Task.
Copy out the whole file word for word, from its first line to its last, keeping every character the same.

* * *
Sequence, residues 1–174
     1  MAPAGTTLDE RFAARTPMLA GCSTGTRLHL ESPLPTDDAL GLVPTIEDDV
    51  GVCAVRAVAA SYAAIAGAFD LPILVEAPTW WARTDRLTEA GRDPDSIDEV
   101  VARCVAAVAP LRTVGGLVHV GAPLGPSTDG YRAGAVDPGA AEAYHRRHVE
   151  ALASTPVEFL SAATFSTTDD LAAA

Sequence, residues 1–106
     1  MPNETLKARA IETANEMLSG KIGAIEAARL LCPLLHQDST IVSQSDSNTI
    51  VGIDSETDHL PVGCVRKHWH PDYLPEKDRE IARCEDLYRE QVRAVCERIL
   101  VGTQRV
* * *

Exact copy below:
Sequence, residues 1–174
     1  MAPAGTTLDE RFAARTPMLA GCSTGTRLHL ESPLPTDDAL GLVPTIEDDV
    51  GVCAVRAVAA SYAAIAGAFD LPILVEAPTW WARTDRLTEA GRDPDSIDEV
   101  VARCVAAVAP LRTVGGLVHV GAPLGPSTDG YRAGAVDPGA AEAYHRRHVE
   151  ALASTPVEFL SAATFSTTDD LAAA

Sequence, residues 1–106
     1  MPNETLKARA IETANEMLSG KIGAIEAARL LCPLLHQDST IVSQSDSNTI
    51  VGIDSETDHL PVGCVRKHWH PDYLPEKDRE IARCEDLYRE QVRAVCERIL
   101  VGTQRV